Tiger King filmmakers Eric Goode and Rebecca Chaiklin are turning their cameras toward the 2003 tiger mauling that ended the Siegfried & Roy show for a new episode of the hit Netflix series. The first season, Tiger King: Murder, Mayhem and Mandess, focused on the bizarre story of Joseph Maldonado-Passage, better known as Joe Exotic, and his rivalry with Carole Baskin. Tiger King fans have been divided on the new Tiger King content coming, especially since the first season was so controversial.
Dr. James Liu, the associate director at Goode's Turtle Conservatory, called The Hollywood Reporter Thursday for information on Chris Lawrence, the former Siegfried & Roy tiger handler who challenged Siegfried Fischacher and Roy Horn's official story on the 2003 mauling. Lawrence, who said he was diagnosed with PTSD because of the incident, alleged there were human errors to blame and the story Horn and Fischbacher told the public was not entirely true.
Liu told THR the team behind Tiger King is now working on a follow-up episode about the 2003 incident. Goode Films hoped the new episode would be a "higher-minded corrective" to the original series and a better follow-up than The Tiger King and I, a Joel McHale-hosted after-show special Goode was not involved with. Liu hoped Lawrence would respond to Fischbacher's response to Lawrence's 2019 THR profile. Fischbacher refused to contribute a response when Lawrence's profile was first published, but later went on Good Morning America to dispute the former handler's version of events. Horn died on Friday at age 75, following complications of COVID-19, the disease caused by the novel coronavirus.
The culture war is lost https://t.co/suhOpqEkkt— Daniel (@THXELEVEN38_) May 11, 2020
The original seven Tiger King episodes were first critically praised and became the most-watched series in Netflix's history. More than 34 million viewers watched the show in its first 10 days of release, and now multiple dramatic projects about Joe Exotic are in the works. However, the show became controversial as it focused more on the sensational aspects of Maldonado-Passage's life instead of the more serious issues of conservation and animal abuse.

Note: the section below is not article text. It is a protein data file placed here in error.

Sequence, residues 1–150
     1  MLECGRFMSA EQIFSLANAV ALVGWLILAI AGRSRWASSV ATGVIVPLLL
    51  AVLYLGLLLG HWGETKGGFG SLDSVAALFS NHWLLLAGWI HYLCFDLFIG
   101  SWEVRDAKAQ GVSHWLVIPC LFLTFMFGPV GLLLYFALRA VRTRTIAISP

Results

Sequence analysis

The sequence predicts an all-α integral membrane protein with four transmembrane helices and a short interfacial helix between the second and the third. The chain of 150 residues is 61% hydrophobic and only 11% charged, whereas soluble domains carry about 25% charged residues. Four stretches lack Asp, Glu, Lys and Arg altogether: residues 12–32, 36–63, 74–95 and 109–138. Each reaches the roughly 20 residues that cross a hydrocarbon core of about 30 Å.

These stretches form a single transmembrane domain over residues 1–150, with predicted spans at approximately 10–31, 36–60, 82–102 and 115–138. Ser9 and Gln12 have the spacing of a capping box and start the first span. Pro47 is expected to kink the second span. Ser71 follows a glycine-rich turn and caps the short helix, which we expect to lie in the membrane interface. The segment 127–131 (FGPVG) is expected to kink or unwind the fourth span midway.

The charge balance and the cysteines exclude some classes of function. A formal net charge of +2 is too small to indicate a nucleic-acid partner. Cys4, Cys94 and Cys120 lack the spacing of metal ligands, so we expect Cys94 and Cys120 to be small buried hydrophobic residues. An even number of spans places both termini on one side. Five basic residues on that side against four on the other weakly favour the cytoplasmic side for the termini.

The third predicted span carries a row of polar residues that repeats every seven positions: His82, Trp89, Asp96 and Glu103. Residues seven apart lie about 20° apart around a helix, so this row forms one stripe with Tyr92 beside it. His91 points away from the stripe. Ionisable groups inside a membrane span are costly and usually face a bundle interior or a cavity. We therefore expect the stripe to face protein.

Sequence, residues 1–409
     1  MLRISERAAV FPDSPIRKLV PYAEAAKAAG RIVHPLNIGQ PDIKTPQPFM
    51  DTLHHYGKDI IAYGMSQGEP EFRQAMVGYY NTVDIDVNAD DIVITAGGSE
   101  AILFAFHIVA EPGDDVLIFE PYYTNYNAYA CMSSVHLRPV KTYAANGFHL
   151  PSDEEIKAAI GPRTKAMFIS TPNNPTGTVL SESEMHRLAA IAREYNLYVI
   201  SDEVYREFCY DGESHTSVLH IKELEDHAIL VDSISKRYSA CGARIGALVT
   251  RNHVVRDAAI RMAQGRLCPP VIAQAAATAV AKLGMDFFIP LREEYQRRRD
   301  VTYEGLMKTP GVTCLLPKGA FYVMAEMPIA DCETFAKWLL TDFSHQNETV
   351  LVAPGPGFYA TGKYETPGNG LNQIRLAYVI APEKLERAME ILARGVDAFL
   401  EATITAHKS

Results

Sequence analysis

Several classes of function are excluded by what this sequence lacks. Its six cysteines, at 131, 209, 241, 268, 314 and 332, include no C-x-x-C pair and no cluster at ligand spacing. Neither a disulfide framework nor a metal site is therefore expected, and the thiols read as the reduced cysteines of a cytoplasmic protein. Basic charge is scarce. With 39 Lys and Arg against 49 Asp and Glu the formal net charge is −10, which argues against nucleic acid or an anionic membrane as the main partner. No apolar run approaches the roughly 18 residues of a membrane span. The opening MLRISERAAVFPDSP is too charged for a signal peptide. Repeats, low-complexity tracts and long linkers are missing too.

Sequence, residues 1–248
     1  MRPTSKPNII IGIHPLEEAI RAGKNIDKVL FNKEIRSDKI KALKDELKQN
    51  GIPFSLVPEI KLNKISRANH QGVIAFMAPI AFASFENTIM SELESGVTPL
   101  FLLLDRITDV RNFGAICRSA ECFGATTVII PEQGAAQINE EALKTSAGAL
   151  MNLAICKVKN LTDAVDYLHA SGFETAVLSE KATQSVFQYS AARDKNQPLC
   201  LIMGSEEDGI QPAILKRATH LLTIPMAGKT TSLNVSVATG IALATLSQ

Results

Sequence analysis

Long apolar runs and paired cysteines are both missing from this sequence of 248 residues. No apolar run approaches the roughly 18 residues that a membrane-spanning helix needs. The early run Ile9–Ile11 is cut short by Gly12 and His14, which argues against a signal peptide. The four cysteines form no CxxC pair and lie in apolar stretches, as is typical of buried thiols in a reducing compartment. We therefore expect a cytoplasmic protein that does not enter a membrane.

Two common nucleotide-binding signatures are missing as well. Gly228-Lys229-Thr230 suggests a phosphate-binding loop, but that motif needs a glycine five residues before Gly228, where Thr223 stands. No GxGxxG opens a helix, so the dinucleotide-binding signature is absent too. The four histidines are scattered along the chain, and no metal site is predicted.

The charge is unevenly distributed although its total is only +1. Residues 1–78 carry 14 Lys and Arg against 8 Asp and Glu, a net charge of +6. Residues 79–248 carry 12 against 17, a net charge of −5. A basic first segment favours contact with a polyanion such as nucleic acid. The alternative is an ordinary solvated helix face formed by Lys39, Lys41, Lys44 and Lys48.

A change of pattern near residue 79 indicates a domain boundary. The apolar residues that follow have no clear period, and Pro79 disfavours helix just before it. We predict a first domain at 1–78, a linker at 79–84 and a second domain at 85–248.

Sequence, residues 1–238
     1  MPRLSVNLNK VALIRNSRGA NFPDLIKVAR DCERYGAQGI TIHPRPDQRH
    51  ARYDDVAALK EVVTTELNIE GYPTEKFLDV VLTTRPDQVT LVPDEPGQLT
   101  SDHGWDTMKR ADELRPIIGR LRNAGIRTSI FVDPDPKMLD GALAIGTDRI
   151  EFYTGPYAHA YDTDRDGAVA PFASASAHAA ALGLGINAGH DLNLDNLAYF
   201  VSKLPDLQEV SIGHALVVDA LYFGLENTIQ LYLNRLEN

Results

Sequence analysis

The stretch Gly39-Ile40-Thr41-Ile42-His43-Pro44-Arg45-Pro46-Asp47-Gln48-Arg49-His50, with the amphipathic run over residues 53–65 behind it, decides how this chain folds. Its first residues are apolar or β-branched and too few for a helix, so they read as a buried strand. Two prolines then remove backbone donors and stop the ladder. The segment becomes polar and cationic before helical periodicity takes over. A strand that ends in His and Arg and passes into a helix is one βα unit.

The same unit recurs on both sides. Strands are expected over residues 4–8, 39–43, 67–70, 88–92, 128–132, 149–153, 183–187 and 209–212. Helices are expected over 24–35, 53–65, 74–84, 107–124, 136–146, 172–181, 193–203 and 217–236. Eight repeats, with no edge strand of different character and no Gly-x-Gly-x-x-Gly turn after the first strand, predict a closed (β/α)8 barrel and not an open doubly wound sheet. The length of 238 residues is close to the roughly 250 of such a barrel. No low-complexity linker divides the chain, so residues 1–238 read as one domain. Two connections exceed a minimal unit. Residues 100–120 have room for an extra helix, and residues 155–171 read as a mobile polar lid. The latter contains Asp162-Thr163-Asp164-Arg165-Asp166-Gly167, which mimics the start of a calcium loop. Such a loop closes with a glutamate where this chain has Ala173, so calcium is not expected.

Goode himself even told Vanity Fair he had some regrets about the show. "After spending years with these subjects the project moved in a different direction. Netflix is very adept at making binge-worthy television and with these larger-than-life subjects that was pretty easy to do," he told the magazine at the time. "However, my goal is and has always been the same, which is to raise awareness and help save the species."
I hate that they're doing this.
Also, I will watch every episode. https://t.co/ng3ZwbZmOJ— Pounce de León (@RightAllTheTime) May 11, 2020
A Goode Films spokeswoman told THR it was not true that the new episodes are "going in a more conversational route." Netflix did not comment. Liu also did not explain how Lawrence could take part in the show if he agrees to, as the coronavirus pandemic would make it difficult for him to be interviewed by a full crew.
Really hope they don't do that thing where they kill the novelty of something that's popular with oversaturation https://t.co/njzN1NeDSD— Bud (@BuddStark) May 11, 2020
OMG!!! REALLY! Do we need more of this!!!!! There's already two movies in the works. https://t.co/iYNsqsw7DA— Stingray_Mask 😷☯️ (@Stingray_travel) May 11, 2020